Dusky brush-off

Even by the standards of sneaky Dusky Warblers worldwide, the wintering Ainsdale bird is one skulky little weasel.
Since Andy Spottiswood nailed it in November I’ve heard the bird a handful of times and had rubbish flight views.
I must thank Jack Taylor for letting me use his great pictures of this most elusive of birds on the blog, taken during an encounter he enjoyed about a fortnight ago.
I was working on Ainsdale LNR this afternoon so I decided to stroll over to the National Nature Reserve for another go at it.
I concentrated on the area west of the Pinfold Path just outside the eastern boundary of the reserve’s grazing enclosure from 3pm to 3.50pm.

The warbler is favouring this area at the moment (however it can be highly mobile, popping up along the northern and western edges of the enclosure too this winter), and after 15 minutes of silence I heard it calling.
After another five minutes it emerged from the Creeping Willow to shimmy through briars giving me great, if brief views, then with the very height of disdain, it disappeared again.

The area is not that hard to find – just look for the big red circle with the giant white lollipop in, but it is seriously flooded – think Grimpen Mire with fewer slavering hounds (although not by much) and don’t forget your wellies.
The Dusky is a master of invisibility of course, given away only when it calls, but those hard irritated “tack-tack-tacks” don’t last long.
It only got vocal four times while I was there today and I had three views.
Occasionally the warbler emerges from the Creeping Willow to flick through the bare branches of isolated Hawthorns and that’s when you get a glimpse, but you have to be fast before it drops out of sight again.
It is pointless chasing the bird as it will go to ground (and there is a lot of cover to hide a lowdown and dirty Dusky Warbler here).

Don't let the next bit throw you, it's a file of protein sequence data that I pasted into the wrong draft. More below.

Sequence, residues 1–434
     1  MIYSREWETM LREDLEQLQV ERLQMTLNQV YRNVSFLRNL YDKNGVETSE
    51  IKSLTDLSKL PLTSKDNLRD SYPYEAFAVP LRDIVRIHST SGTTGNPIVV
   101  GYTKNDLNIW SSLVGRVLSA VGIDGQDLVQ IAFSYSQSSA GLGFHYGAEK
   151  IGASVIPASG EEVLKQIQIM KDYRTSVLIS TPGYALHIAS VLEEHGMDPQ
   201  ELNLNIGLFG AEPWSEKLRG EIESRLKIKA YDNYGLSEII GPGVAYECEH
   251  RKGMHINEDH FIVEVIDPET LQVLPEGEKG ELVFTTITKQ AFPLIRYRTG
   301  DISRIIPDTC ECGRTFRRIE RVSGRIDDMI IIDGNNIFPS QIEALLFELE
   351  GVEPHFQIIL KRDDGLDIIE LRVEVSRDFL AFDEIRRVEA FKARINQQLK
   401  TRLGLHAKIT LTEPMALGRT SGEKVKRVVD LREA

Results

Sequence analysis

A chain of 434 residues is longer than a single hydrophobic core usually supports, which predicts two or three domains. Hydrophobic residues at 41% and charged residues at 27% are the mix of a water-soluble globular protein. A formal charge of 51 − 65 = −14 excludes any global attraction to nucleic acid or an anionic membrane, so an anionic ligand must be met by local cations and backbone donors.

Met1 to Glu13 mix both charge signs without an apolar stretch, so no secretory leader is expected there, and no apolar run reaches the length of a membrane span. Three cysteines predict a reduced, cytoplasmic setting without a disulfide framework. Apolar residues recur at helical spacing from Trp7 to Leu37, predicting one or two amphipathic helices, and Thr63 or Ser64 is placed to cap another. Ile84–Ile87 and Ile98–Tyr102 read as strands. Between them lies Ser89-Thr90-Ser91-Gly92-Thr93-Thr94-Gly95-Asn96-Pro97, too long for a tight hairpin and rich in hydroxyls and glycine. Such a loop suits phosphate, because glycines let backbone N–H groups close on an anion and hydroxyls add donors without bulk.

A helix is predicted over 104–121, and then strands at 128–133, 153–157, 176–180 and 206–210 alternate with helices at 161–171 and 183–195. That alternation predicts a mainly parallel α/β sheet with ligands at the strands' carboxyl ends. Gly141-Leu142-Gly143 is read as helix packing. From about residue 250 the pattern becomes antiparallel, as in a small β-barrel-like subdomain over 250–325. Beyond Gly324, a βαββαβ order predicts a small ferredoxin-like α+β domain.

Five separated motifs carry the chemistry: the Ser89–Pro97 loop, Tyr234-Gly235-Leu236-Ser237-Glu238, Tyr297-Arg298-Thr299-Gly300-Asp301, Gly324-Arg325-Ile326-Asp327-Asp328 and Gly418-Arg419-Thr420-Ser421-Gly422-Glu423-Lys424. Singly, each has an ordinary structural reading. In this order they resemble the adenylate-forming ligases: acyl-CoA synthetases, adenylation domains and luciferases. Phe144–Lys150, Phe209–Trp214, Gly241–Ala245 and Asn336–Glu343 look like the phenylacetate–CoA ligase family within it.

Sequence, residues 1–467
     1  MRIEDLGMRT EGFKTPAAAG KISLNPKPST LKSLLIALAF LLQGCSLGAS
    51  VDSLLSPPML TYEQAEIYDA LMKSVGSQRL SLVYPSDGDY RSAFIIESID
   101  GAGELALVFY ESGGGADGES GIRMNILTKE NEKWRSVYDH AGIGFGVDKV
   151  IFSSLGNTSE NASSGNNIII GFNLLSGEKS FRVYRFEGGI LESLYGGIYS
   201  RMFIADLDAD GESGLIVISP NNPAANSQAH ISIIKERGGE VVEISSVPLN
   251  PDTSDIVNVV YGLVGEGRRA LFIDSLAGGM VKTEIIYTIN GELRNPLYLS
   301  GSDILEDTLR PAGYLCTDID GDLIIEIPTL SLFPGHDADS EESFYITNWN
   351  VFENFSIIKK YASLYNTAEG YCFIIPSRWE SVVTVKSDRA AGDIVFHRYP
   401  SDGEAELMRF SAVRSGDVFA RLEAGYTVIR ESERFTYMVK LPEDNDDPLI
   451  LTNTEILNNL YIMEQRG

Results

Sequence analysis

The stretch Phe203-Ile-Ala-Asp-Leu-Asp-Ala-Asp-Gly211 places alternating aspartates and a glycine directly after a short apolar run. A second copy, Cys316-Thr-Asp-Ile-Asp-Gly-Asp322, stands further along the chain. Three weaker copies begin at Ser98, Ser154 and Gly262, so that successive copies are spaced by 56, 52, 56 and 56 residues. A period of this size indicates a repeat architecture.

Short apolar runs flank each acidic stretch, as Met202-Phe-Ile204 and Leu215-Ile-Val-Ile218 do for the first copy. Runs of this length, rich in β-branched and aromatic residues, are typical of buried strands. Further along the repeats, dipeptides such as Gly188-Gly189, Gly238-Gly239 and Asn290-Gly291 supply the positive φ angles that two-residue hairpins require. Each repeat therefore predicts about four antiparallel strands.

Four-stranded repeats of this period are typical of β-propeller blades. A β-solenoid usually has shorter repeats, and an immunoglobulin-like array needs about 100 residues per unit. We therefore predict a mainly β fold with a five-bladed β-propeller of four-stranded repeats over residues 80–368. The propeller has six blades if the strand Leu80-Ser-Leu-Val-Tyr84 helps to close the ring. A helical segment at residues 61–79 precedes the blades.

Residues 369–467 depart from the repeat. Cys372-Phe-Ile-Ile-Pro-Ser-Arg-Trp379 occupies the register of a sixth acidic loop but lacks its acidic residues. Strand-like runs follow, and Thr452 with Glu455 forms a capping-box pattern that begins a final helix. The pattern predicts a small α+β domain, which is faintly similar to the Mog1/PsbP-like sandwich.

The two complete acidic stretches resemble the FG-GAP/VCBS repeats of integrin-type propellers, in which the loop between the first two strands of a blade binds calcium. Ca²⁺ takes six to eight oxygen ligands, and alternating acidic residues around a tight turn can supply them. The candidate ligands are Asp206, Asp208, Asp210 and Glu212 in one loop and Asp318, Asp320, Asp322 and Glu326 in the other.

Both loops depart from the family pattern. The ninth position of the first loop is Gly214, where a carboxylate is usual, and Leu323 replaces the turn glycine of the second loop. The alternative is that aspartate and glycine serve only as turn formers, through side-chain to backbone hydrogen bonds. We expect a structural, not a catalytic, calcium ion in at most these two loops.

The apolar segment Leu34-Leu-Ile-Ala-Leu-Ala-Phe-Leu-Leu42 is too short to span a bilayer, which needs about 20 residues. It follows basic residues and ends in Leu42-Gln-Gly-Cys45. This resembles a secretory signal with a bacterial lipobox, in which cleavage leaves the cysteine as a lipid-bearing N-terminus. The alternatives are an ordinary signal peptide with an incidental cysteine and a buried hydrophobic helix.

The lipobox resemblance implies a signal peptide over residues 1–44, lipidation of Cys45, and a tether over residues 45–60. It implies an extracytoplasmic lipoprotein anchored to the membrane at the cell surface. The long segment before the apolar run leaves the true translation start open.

Jack did very well to get these images – thanks again.
Seven Teal were whistling away from the large flooded slack over the fence and a Water Rail squealed briefly while I was there.
Wrens, Reed Bunts, Buzzard, Grey Wagtail, six Fieldfare and a Redwing too.
When the Woodpigeons started bombing across the dunes and into the pine belt to roost I headed home.

All still there then

A cold easterly strafed Marshside this morning – it’d flay the skin off you given the chance, and everything was wisely hunkering down.
5-600 spangly Golden Plover were on Crossens Inner, with considerably more Lapwings, but the main pack of Blackwits was crammed together for warmth south of Marshside Road.
At least one of the Golden Plover was coming into summer plumage – you can just see its black belly on the right of this blurry crop.

Two marauding GBBs behaving badly meant they didn’t stay settled for long – duck numbers were low too, possibly as much to do with the recent cold snap as the badass GBBs, although plenty of Pinks were dotted about on the outer marsh.
Two Common Buzzard and single Merlin, Peregrine, Marsh Harrier and Kestrel looked like they were struggling out there, and the usual Great White Egret was feeding just opposite the old wildfowlers’ car park site.

Over the tide seven Common Scoter were snoozing on the chop off the Sandplant, and five Pochard were with the distant Tufties in the reed-fringed channel to the north of Nels.

Let’s ride this baby to Mexico!

Amazing what you find down the back of the digital sofa.
I’m not a great fan of nostalgia, but even I have to accept if you can’t go out, you can at least go back, so I’ve had a trawl through the trip reports from my old birdblog (2002-2014) and came upon this jaunt Barry McCarthy, Paul Thomason, Neill Hunt and I took to Mexico back in 2010.
From Yucatan to Chiapas and back in a Nissan X-Trail. What could possibly go wrong?

It was a great adventure, with many laughs, birds and beer.
If you want to have a read, you can see it here or visit via the links list on the right.
Sadly Barry is no longer with us, but stripping the old html and links then trying to clean up my woeful digi-scoped images have passed a few hours of another Covid screwed weekend and made me smile.

We ended up driving over 3,700km, through coastal scrub, secondary woodland, marshes, mountains and rainforest.
And while I fear many sites will have inevitably changed in the 11 years since we were there, there are few places as thrilling as Mexico.
Apologies for subjecting you to holiday snaps over a decade old then, there’s always the Blackbirds in the garden to count instead.
Good news is I won’t add any more to the Mexico blog, bad news is I’ve also found the files for Costa Rica, Thailand, Morocco, Norway/Finland and Israel.
Viva Don Muchos!

Up the hooter and down the lake

The latest Lateral Flow Test at Splashworld was as good a reason as any for a stroll at the top end of Southport Marine Lake this afternoon.